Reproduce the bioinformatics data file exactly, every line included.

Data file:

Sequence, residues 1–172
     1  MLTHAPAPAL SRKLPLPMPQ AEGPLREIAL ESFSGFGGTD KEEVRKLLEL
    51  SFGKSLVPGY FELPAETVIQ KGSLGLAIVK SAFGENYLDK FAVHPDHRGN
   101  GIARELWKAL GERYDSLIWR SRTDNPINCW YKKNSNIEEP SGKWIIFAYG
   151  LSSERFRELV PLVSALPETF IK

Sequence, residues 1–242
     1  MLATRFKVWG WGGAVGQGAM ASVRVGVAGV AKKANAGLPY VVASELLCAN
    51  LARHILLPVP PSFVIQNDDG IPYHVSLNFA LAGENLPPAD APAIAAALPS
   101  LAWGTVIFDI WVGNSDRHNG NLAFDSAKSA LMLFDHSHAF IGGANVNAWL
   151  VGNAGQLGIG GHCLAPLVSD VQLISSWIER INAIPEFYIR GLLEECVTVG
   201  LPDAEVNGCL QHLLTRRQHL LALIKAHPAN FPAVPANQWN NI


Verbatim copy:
Sequence, residues 1–172
     1  MLTHAPAPAL SRKLPLPMPQ AEGPLREIAL ESFSGFGGTD KEEVRKLLEL
    51  SFGKSLVPGY FELPAETVIQ KGSLGLAIVK SAFGENYLDK FAVHPDHRGN
   101  GIARELWKAL GERYDSLIWR SRTDNPINCW YKKNSNIEEP SGKWIIFAYG
   151  LSSERFRELV PLVSALPETF IK

Sequence, residues 1–242
     1  MLATRFKVWG WGGAVGQGAM ASVRVGVAGV AKKANAGLPY VVASELLCAN
    51  LARHILLPVP PSFVIQNDDG IPYHVSLNFA LAGENLPPAD APAIAAALPS
   101  LAWGTVIFDI WVGNSDRHNG NLAFDSAKSA LMLFDHSHAF IGGANVNAWL
   151  VGNAGQLGIG GHCLAPLVSD VQLISSWIER INAIPEFYIR GLLEECVTVG
   201  LPDAEVNGCL QHLLTRRQHL LALIKAHPAN FPAVPANQWN NI